Friday, April 02, 2004

The lessons of Fallujah 

A very good article from Robert Alt, who reports from Iraq in the aftermath of the bloody incident in Fallujah, where four American civilian contractors were killed by the Iraqi insurgents.

Writes Alt: “The difficulty in solving the problem in Fallujah is profound. Those who commit violent acts must be dealt with in the most serious manner. I fear that the Western media is already showing squeamishness about the use of force by Marines, but they would do well to remember that Iraqis generally subscribe to a philosophy that respects strength, and not weakness. Failing to respond to the violence therefore would invite still more violence, not less.”

And: “Because of turbulent areas such as Fallujah and the random acts of terrorism throughout the country, Iraq is still a very dangerous place. But these dangers, though serious, are not statistically representative of the views of the Iraqi people. A major goal of the terrorists and the small enclaves of Saddam supporters is to use dramatic attacks such as the one in Fallujah to garner media attention, and thereby to skew public perception concerning Iraqi sentiment and the progress of the transition. But the view on the street — the view of the average Iraqi enjoying his first taste of freedom — is one of hope and promise.”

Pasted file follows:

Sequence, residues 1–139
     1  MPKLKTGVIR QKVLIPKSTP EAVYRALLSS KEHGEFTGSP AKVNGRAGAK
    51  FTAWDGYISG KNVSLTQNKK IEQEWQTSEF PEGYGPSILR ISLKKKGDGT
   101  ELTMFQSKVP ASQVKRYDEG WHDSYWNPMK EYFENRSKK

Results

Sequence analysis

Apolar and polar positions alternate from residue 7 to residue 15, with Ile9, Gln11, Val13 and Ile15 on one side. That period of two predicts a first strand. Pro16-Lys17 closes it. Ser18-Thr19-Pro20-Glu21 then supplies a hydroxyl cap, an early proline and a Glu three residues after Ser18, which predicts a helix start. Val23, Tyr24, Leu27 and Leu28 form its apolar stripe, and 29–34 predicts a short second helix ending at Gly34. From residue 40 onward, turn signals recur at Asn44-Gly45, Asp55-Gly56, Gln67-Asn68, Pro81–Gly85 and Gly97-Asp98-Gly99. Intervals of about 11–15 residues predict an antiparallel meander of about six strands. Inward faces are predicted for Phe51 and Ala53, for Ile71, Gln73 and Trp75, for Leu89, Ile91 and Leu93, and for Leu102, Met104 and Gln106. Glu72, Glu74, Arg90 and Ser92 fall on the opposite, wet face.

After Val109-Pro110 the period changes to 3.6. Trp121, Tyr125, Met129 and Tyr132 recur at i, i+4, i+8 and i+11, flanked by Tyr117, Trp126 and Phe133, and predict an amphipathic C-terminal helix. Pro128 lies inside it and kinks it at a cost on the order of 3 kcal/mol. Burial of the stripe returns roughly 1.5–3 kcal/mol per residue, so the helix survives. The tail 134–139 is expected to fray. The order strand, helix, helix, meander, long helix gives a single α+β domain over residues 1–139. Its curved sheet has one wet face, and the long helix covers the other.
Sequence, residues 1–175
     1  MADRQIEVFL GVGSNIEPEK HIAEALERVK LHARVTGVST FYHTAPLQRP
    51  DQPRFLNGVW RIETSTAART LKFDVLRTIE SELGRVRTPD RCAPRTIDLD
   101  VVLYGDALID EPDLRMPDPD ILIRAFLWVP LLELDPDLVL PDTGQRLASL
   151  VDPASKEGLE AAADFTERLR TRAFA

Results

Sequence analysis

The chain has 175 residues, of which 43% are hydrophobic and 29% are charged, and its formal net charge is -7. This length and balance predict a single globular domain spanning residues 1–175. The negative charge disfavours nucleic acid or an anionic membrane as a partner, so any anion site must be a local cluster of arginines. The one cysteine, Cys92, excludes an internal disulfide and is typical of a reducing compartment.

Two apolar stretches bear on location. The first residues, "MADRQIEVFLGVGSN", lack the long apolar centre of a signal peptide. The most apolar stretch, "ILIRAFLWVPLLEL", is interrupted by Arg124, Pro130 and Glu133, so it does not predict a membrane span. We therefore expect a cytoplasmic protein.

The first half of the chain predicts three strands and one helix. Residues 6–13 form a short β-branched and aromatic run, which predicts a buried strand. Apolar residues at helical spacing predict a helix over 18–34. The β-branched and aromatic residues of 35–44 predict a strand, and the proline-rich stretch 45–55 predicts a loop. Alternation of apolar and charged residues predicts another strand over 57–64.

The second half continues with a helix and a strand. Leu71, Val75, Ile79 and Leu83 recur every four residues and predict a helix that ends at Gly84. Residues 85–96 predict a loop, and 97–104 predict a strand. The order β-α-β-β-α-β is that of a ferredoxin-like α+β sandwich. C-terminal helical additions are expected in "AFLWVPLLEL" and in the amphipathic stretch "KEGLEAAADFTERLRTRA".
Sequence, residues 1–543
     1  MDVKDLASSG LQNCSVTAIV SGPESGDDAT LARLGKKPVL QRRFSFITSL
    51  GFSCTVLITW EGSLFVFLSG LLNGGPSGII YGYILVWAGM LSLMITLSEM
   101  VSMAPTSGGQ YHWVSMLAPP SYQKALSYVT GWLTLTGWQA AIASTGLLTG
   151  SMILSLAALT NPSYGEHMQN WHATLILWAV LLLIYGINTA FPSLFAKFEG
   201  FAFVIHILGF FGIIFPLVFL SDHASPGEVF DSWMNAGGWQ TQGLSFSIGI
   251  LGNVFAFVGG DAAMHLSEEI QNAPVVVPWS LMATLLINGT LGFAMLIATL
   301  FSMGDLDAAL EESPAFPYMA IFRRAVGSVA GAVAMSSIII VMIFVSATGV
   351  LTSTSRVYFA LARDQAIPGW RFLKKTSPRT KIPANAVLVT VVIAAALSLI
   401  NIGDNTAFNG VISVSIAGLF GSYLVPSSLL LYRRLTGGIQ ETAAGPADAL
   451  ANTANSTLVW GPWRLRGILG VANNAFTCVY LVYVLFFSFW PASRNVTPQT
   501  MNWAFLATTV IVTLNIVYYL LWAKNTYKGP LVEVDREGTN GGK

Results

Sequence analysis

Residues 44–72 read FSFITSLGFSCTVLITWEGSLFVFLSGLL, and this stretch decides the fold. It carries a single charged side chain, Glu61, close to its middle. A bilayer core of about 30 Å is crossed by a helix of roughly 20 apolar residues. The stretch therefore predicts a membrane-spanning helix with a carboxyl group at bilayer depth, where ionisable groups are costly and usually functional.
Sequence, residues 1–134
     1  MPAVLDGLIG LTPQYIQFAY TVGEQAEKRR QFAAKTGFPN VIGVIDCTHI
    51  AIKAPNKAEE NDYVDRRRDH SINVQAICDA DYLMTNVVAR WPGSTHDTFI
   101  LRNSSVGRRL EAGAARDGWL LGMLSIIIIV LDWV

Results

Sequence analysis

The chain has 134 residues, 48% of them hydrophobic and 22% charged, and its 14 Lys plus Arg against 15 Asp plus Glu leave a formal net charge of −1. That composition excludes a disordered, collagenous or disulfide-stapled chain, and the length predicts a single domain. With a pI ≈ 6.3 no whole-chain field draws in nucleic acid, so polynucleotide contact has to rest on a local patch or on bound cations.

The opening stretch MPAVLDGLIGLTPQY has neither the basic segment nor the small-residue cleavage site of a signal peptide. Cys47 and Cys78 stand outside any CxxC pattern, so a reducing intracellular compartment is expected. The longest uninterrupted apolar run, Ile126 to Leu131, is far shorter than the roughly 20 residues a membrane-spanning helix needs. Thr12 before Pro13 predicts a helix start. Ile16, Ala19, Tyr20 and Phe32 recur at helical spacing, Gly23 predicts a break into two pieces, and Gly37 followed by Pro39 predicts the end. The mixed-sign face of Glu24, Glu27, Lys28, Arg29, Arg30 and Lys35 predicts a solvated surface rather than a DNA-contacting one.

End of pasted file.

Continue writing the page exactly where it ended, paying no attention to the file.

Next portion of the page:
Let us continue to bear in mind that good news is no – or at least very rarely – news, and as Alt notes, we should not allow the tragedies like the one in Fallujah, or indeed the continuing casualties suffered by the US military, to overshadow the progress being made every day and in every way in Iraq (I’ll write more about that soon).

Similarly, let us remember that – just like flying planes into skyscrapers or strapping barely pubescent teenagers with explosives and sending them off into pizzerias –actions in Fallujah are designed to give the terrorists the biggest bang for their buck. Burning, mutilating and finally hanging corpses from bridges is precisely meant to cause the maximum jitters and second thoughts. If the war on terror has any lesson so far, it is that it cannot; we must not allow the leftover Saddamite scum in the Sunni Triangle to make their own “Black Hawk Down” sequel.

Speaking of history and lessons of the war on terror, you can always trust Ann Coulter not to hold any punches.

But for now, I’m starting a collection to raise money for enough barbed wire to completely surround Fallujah. You might have seen in the papers the photo of a local insurgent sympathiser proudly holding up a piece of paper that reads “Fallujah – the cemetery of the Americans.” Mate, I’ve been to American military cemeteries – they’re beautiful, peaceful and well maintained. You should be so lucky if your town was anything like that.


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